Procedures—In each cow, IV catheters were placed in the dorsal common digital vein (DCDV) and the plantar vein of the lateral digit, and an indwelling catheter was placed in the metatarsophalangeal joint of the left hind limb. A pneumatic tourniquet was applied to the midmetatarsal region. Florfenicol (2.2 mg/kg) was administered into the DCDV. Samples of DV blood, SYNF, and CV (jugular) blood were collected after 0.25, 0.50, and 0.75 hours, and the tourniquet was removed; additional samples were collected at intervals for 24 hours after infusion. Florfenicol analysis was performed via high-performance liquid chromatography.
Results—In DV blood, CV blood, and SYNF, mean ± SD maximum florfenicol concentration was 714.79 ± 301.93 μg/mL, 5.90 ± 1.37 μg/mL, and 39.19 ± 29.42 μg/mL, respectively; area under the concentration versus time curve was 488.14 ± 272.53 h•μg•mL−1, 23.10 ± 6.91 h•μg•mL−1, and 113.82 ± 54.71 h•μg•mL−1, respectively; and half-life was 4.09 ± 1.93 hours, 4.77 ± 0.67 hours, and 3.81 ± 0.81 hours, respectively.
Conclusions and Clinical Relevance—Following RIVP, high florfenicol concentrations were achieved in DV blood and SYNF, whereas the CV blood concentration remained low. In cattle, RIVP of florfenicol may be useful in the treatment of infectious processes involving the distal portion of limbs.
Objective—To determine results of ultrasound-guided cystocentesis and percutaneous infusion of Walpole's solution for treatment of male goats with urolithiasis.
Design—Retrospective case series.
Animals—25 male goats with urolithiasis treated with Walpole's solution.
Procedures—Information obtained from the medical records included signalment, degree of urethral obstruction (partial vs complete), pertinent examination findings, concurrent illnesses, diet, other treatments administered, duration of hospitalization, whether the obstruction resolved, and outcome (ie, discharged vs euthanized).
Results—14 (58%) animals had complete urethral obstruction, and 10 (42%) had partial obstruction (degree of urethral patency was not recorded in 1 animal). Walpole's solution was infused once in 18 (72%) animals, twice in 6 (24%) animals, and 3 times in 1 (4%) animal. The amount of Walpole's solution required to achieve the target urine pH of 4 to 5 ranged from 50 to 250 mL. In 20 (80%) goats, the urethral obstruction resolved, and the goat was discharged. The remaining 5 (20%) goats were euthanized because of unresolved urethral obstruction. Six of the 20 (30%) goats that were discharged were reexamined because of recurrence of urethral obstruction.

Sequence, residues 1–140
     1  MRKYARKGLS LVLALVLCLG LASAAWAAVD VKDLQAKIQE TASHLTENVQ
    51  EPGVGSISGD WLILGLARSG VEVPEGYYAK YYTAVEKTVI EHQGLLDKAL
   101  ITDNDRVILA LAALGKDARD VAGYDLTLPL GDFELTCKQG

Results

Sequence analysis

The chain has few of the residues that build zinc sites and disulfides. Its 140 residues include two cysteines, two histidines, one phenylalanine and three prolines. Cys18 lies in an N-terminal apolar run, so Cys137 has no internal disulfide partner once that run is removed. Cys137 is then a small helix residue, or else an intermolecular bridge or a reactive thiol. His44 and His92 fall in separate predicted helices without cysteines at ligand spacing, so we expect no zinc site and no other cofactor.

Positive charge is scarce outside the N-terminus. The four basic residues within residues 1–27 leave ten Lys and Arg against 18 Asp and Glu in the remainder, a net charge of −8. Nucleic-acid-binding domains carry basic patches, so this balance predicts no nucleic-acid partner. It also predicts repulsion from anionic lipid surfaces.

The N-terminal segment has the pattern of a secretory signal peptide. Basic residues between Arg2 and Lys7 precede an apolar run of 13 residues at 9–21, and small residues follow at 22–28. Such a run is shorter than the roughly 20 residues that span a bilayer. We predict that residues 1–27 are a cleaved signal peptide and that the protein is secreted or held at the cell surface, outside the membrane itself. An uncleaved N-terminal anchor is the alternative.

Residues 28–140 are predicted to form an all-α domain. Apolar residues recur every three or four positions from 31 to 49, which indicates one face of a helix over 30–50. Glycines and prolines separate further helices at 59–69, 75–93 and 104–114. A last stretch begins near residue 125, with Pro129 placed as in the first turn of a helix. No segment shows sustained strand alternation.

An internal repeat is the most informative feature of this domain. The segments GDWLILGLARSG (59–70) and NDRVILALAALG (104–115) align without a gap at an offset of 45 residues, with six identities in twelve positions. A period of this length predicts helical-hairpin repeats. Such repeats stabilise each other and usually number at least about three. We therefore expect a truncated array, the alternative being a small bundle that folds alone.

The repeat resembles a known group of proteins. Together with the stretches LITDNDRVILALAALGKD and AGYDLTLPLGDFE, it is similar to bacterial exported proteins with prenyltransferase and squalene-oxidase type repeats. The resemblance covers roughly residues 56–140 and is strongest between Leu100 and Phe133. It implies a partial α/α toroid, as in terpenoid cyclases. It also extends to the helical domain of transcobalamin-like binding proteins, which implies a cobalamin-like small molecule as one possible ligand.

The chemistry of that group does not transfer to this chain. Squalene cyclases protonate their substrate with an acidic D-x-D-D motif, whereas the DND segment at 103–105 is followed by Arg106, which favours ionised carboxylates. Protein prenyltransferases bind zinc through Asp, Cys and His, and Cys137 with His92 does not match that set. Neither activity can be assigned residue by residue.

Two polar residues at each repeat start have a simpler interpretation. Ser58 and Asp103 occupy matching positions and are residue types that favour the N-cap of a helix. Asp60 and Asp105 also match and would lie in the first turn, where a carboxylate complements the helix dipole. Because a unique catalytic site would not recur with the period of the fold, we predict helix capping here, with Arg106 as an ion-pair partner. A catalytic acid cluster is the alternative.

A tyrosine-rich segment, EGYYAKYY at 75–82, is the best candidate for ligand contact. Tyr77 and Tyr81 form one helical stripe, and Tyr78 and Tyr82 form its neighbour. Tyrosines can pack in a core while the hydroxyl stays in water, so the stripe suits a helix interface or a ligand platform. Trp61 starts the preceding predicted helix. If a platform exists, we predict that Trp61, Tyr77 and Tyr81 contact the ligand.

Conclusions and Clinical Relevance—Results suggested that ultrasound-guided cystocentesis in combination with percutaneous infusion of Walpole's solution may be a useful treatment in male goats with obstructive urolithiasis.
Objective—To compare the effectiveness of 3 treatment regimens for small ruminants with caseous lymphadenitis.
Design—Randomized clinical trial.
Animals—44 client-owned sheep and goats.
Procedures—Aspirates were obtained from 48 lesions of 44 enrolled animals and submitted for bacterial culture. Animals were randomly assigned to 1 of 3 treatment groups. Treatment for group A (n = 15 lesions) consisted of opening, draining, and flushing the lesions and SC administration of procaine penicillin G. Treatment for group B (n = 15 lesions) consisted of closed-system lavage and intralesional administration of tulathromycin. Treatment for group C (n = 18 lesions) consisted of closed-system lavage and SC administration of tulathromycin. All animals were reexamined approximately 1 month after treatment, unless treatment failure was detected prior to that time.